Our report for an individual is submitted on a standard form consisting of four pages. On page one are given pertinent data of the cemetery; a summary of the race, age, weight, height and color of hair; a description of any official identification found with the remains; whether the body was burned or mangled; evidence of healed fractures and bone malformations, and a list of clothing and other personal effects in as much detail as possible.
On page two is the dental chart on which are indicated locations of teeth missing after death, teeth extracted before death, drift as the result of an adjacent extraction, cavities, and type of extent of fillings.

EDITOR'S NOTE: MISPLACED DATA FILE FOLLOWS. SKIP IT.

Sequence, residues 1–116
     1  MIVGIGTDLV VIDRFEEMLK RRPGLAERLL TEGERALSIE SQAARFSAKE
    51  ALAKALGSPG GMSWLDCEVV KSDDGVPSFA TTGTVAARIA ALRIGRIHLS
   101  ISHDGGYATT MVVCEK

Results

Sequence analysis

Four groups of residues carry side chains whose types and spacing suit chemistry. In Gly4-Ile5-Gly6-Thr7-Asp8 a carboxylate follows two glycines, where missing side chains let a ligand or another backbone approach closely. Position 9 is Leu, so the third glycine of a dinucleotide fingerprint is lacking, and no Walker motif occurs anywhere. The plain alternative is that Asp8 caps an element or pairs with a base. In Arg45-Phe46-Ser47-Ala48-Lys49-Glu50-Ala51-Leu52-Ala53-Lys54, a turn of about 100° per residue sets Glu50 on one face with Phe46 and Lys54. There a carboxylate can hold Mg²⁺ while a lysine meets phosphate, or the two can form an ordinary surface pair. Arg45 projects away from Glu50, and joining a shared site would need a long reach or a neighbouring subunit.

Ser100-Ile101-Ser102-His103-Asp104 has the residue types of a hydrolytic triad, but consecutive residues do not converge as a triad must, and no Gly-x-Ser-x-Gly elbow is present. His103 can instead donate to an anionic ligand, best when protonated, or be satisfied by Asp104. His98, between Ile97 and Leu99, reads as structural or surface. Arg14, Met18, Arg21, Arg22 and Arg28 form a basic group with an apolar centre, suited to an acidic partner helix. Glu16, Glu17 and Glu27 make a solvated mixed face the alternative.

On page three is an outline of the skeleton on which the parts missing from the remains are blacked out; a brief description of the probable appearance of the man; the estimated height according to three authorities and a note concerning the fluoroscopic examination and tooth chart.
On page four is the bone list which corresponds with the skeleton outline picture, and, in addition, are recorded the measurements of the individual bones.
These papers are prepared in triplicate, of which two are sent to a Board of Review who studies them with the purpose of matching the record with the data known of the individual. In addition to the physical data there are usually available both cemetery and casualty listings and flight listings (missing air crew reports) of the number and names in a particular tank crew. If the two lists of physical evidence are sufficiently uniform, the papers are sent on to Washington for scrutiny by another Board of Review before the identification is considered to be certain.